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Meter Tampering

Making ends meet might be hard for many Hoosiers right now. If you find yourself falling behind paying monthly utility bills, contact your electric cooperative for help before you face losing service. Orange County REMC has programs that can help consumers keep the lights on.

If your electricity has already been disconnected, never tamper with your meter or try to reconnect power yourself. These acts are extremely dangerous and illegal.

“If you’re unable to pay your bill, please don’t resort to theft,” said Matt Deaton, CEO/General Manager. “Contact us, let us know your situation, and we will work with you as best we can. We have programs, such as prepaid metering that will keep your power on and help you pay down previous bills.”

Co-ops see an uptick in the number of delinquent accounts and cases of meter tampering during economic downturns, especially after the winter moratorium on disconnections of delinquent accounts has passed.

“Tampering is hazardous to the person doing it and to the public after it’s done,” said Deaton, “because all the safety precautions that the co-op put in place are now bypassed. The big hazard with trying to reconnect yourself is an arc flash since the components are close together and right in your face. If you’re standing in water or wet grass, there’s the possibility of electrocution. But what always worries me most is usually we find the tampered meter base left open — so kids could get into it, and any unsuspecting person could be exposed to that hazard.”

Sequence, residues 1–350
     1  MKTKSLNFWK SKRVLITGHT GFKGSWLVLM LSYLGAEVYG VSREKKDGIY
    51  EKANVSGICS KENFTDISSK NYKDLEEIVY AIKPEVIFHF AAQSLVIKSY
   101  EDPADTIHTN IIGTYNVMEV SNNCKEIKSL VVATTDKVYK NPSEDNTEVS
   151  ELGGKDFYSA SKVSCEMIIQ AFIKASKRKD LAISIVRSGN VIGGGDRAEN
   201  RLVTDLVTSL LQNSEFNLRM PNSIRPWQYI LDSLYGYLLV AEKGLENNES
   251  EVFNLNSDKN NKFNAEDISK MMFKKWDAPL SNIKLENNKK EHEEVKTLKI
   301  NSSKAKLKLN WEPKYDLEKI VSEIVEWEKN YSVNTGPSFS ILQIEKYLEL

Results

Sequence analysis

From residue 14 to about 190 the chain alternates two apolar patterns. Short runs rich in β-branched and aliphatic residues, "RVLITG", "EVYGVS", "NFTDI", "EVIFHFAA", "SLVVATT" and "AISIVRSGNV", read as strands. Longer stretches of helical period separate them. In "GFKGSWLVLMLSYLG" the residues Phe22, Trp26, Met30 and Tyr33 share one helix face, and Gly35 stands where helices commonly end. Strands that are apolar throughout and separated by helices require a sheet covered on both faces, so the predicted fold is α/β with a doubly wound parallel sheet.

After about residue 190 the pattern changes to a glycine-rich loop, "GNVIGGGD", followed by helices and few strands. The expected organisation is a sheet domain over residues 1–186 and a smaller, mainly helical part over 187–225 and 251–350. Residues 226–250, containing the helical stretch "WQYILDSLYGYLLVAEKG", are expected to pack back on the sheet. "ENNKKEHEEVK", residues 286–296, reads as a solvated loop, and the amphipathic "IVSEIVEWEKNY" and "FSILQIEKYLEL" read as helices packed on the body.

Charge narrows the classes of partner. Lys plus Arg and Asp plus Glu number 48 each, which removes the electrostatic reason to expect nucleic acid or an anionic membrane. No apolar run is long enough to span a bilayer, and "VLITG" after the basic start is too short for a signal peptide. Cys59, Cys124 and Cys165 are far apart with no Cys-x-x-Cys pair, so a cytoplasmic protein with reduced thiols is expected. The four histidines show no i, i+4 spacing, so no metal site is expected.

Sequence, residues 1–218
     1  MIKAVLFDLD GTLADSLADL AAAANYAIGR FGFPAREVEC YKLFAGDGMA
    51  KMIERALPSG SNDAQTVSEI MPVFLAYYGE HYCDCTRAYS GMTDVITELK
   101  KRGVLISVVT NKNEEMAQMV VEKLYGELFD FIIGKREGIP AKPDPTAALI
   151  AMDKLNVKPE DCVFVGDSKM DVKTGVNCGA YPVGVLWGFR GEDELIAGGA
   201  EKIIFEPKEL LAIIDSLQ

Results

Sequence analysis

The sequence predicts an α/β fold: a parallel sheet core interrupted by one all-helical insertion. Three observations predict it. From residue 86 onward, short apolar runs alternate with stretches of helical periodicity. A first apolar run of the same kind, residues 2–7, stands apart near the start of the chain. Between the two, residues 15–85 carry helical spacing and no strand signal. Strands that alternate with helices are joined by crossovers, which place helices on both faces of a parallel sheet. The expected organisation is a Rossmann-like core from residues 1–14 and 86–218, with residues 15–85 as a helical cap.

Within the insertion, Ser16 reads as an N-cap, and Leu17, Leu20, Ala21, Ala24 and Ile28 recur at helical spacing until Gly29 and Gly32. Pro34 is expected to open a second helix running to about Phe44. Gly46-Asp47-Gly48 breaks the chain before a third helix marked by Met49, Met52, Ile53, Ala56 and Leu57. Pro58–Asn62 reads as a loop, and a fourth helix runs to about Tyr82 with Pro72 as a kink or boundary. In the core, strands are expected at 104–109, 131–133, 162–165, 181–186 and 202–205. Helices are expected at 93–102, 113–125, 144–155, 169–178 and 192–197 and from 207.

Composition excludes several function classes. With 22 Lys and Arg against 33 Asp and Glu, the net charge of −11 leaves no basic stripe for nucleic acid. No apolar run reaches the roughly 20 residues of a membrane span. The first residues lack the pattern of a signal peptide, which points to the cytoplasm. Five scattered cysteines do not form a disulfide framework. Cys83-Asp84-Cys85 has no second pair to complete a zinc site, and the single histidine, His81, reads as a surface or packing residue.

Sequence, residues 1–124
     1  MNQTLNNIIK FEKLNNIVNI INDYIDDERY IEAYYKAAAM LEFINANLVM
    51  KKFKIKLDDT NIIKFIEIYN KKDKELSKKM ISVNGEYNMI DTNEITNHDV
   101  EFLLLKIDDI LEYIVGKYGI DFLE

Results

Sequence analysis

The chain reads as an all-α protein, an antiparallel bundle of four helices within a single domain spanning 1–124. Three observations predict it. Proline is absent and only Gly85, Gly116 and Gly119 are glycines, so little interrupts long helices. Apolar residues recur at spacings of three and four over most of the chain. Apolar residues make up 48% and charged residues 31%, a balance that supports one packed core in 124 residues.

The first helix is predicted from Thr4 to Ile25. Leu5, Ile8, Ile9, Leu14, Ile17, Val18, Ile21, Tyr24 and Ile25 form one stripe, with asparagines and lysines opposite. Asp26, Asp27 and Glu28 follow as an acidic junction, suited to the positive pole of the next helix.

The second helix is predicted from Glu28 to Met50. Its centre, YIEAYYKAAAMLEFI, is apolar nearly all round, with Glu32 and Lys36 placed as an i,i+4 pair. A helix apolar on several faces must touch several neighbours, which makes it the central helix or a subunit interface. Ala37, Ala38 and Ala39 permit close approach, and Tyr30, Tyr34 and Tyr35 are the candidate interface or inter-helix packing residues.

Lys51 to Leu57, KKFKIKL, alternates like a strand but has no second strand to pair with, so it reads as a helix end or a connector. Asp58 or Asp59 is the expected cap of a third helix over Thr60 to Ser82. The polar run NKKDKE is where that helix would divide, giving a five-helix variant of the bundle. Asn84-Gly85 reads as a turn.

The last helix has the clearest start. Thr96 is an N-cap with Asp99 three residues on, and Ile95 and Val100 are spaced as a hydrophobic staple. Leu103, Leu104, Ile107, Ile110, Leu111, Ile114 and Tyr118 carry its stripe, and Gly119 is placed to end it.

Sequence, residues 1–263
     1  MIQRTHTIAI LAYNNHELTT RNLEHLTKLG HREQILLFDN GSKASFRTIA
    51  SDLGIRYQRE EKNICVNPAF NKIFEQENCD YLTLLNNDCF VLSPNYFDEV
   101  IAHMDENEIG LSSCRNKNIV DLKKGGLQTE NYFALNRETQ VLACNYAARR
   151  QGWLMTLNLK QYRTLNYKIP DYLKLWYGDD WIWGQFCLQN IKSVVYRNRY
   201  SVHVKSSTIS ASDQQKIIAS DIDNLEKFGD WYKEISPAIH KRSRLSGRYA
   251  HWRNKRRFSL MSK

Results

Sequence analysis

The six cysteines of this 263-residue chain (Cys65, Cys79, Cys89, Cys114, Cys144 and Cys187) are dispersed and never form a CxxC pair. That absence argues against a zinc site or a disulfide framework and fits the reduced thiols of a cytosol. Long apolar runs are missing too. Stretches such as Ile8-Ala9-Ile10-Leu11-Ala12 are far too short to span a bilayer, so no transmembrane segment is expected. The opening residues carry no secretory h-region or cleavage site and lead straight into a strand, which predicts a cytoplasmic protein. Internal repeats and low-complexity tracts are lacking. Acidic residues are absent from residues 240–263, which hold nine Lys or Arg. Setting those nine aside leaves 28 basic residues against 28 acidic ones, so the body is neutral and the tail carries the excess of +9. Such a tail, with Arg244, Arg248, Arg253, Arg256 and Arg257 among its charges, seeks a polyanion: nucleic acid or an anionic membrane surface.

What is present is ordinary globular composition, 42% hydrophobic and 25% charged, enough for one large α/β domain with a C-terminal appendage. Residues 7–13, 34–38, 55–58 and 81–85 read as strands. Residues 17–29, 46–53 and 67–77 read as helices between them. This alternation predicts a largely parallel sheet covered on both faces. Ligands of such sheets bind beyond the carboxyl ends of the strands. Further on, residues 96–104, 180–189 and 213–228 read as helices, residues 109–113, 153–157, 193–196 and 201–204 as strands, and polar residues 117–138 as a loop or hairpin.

Deaton also said tampering can cause the overload protections for the transformer on the utility pole to fail or other problems, as well as potentially causing power outages to neighbors and others along the line.

Like shoplifting, electricity theft is not a victimless crime: all the utility’s consumers ultimately pay for the stolen power through higher rates. Consumers caught meter tampering or stealing electricity, as they usually are, can face hefty penalties. Depending on the amount of electricity involved in the theft and the circumstances, the co-op may take the case to the sheriff’s department and the county prosecutor.

“Because electric co-ops are owned by their consumers, co-ops go the extra mile to help those consumers going through hard times. Disconnections and collection agencies are the last resorts we hope to avoid. And certainly, we never want to see consumers risking their lives or endangering others stealing electricity,” said Deaton. “But we can only help consumers who will let us help them and will work with us.”


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